CM . . .
. Volume XXI Number 7. . . .October 17, 2014
Millions of horses were used by armies during the First World War. Almost all died horrific deaths, whether by bomb blasts, artillery shelling, gun shots or starvation. This year, the centenary of the beginning of World War I, a British horse named Warrior will be awarded the British veterinary society’s Dickin medal, known as the “animals’ Victoria Cross,” for his gallant service during the war.
“Warrior”, said Academy Award winning director Stephen Spielberg, “is an extraordinary example of the resilience, strength and profound contribution that horses made during the Great War. [The] medal is a fitting and poignant tribute to not only this remarkable animal but to all animals that served.” (“First world war horse awarded ‘Victoria Cross for animals’”, The Guardian, September 12, 2014).
A horse with long ears, and hence called Bunny, is the hero of this incredible true, uplifting and ultimately tragic story. He is an equally suitable recipient for such a high honour. Bunny was a “handsome, reddish brown” Toronto City Police horse who, in 1914, crossed the Atlantic with 17 other horses and four Toronto police constables to join the Canadian Expeditionary Force in Europe. Bunny survived gas attacks at the Battle of Ypres (1915), and, when his master was killed in action, he was given to Constable Thomas Dundas to ride. Bunny and Cst. Dundas lived through three more years of terrible hardship, near starvation and together saved soldiers’ lives. The desolate scarred battle fields of France and Belgium are simply and poignantly rendered in Marie Lafrance’s effortless illustrations that bring the bleak landscape to our eyes.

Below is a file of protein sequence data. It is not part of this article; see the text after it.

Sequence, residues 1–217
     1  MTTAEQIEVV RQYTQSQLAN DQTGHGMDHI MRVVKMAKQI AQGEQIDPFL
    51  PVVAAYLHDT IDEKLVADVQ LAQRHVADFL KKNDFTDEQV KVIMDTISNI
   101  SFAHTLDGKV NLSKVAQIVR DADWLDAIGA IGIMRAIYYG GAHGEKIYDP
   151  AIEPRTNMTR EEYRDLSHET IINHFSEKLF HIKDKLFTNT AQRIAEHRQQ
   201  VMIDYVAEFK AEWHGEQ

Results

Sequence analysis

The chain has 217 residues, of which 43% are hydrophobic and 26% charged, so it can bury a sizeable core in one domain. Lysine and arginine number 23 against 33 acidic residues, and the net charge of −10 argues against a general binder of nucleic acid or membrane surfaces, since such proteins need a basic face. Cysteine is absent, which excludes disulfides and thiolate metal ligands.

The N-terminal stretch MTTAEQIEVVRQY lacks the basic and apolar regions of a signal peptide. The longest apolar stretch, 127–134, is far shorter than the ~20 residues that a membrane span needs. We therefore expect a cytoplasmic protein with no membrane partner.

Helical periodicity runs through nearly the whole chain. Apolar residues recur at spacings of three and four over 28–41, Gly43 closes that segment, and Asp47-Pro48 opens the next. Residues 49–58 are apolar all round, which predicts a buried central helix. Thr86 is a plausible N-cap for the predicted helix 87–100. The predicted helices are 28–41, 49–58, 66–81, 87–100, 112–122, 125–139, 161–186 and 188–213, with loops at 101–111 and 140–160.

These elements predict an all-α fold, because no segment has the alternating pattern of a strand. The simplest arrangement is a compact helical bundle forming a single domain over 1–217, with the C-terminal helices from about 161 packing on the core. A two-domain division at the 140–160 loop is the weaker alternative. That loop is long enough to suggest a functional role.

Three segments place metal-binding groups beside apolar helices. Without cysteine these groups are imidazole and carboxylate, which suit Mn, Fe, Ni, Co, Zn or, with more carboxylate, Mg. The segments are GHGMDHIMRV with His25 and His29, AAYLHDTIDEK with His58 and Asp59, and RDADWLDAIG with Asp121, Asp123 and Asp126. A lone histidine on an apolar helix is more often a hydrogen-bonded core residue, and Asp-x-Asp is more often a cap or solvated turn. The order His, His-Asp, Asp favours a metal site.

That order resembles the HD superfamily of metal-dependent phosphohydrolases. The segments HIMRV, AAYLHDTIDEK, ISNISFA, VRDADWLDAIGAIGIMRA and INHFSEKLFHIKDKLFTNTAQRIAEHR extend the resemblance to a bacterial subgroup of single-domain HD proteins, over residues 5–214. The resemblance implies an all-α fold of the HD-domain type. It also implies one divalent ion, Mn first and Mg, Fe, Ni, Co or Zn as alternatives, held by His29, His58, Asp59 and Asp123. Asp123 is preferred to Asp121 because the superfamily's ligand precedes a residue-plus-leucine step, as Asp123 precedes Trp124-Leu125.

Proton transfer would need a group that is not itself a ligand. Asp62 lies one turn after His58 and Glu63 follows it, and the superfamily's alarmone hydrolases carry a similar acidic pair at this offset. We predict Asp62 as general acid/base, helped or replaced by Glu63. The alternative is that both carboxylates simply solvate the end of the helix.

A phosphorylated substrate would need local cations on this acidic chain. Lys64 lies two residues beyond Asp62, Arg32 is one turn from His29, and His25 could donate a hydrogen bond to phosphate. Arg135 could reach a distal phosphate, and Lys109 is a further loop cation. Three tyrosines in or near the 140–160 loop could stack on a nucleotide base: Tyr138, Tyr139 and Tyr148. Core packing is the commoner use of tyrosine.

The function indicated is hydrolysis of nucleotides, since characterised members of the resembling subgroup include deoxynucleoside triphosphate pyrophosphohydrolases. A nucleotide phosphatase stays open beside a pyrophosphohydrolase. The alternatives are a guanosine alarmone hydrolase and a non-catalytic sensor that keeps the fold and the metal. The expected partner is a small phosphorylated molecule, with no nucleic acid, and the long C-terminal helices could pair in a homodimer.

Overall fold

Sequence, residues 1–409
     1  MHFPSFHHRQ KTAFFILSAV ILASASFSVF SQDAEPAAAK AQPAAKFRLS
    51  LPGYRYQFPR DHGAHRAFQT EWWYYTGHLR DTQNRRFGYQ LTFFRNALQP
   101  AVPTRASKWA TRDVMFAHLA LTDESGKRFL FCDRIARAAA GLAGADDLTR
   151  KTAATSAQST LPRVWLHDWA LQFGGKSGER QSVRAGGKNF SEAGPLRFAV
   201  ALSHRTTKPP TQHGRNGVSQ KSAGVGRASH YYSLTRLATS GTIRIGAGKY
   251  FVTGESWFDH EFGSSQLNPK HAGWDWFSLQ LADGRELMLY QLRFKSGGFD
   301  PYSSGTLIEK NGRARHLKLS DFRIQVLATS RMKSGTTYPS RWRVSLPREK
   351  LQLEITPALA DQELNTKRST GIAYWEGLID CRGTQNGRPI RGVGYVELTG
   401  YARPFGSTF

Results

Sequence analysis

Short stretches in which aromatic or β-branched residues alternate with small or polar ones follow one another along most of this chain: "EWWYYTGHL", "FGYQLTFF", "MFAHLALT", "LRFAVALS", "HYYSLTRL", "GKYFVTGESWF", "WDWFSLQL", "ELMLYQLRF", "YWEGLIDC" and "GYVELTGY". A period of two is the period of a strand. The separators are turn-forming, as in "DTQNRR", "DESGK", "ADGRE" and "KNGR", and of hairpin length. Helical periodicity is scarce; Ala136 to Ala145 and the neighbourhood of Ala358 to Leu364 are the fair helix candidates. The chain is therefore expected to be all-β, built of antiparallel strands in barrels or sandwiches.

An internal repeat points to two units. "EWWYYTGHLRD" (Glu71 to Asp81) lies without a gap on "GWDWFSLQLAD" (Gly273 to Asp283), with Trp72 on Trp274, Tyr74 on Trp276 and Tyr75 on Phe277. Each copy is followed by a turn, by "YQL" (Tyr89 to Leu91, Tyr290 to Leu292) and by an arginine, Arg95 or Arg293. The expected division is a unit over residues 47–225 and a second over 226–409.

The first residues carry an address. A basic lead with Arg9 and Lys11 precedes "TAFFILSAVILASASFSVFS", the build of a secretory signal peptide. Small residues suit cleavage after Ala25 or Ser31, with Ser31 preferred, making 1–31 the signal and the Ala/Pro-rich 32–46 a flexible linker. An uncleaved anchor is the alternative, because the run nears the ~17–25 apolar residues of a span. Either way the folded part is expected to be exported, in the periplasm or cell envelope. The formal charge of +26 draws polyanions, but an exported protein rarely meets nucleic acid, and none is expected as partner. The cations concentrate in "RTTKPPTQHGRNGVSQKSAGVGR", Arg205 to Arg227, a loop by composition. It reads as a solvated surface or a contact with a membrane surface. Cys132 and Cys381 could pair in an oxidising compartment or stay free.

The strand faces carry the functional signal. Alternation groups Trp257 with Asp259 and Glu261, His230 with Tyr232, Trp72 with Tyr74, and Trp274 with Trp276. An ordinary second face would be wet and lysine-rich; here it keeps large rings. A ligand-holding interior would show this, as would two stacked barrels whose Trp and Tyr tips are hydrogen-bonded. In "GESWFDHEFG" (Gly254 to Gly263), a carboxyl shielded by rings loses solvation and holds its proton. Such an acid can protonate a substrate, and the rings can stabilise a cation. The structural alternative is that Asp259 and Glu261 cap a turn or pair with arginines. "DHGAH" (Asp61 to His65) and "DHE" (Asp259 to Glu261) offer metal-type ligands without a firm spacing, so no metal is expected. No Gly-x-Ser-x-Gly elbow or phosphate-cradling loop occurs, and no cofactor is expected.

Of the 18 horses sent to Europe, this handsome creature, as “brave as a tiger”, was the only one that lived to see the end of the war. However, Bunny never made it back to Canada; he was sold, as were most other horses, to Belgium farmers. We might imagine that he worked as loyally for them, in rebuilding their lives after four years of war, as he did for Thomas Dundas.
There is an interesting historical mystery in Bunny’s story. His original rider was supposedly Thomas Dundas’s brother; it seems he was one of the four police offices sent to Europe. However his name is not known or recorded anywhere. In fact, it is questionable if this person actually existed. Even with research in the Toronto Police records, the scrupulous Archives and Library Canada and Canada’s Great War Project does not reveal his identity, where he was killed or any other information that should be readily available.
Ian Stewart teaches at Cecil Rhodes School in Winnipeg, MB.
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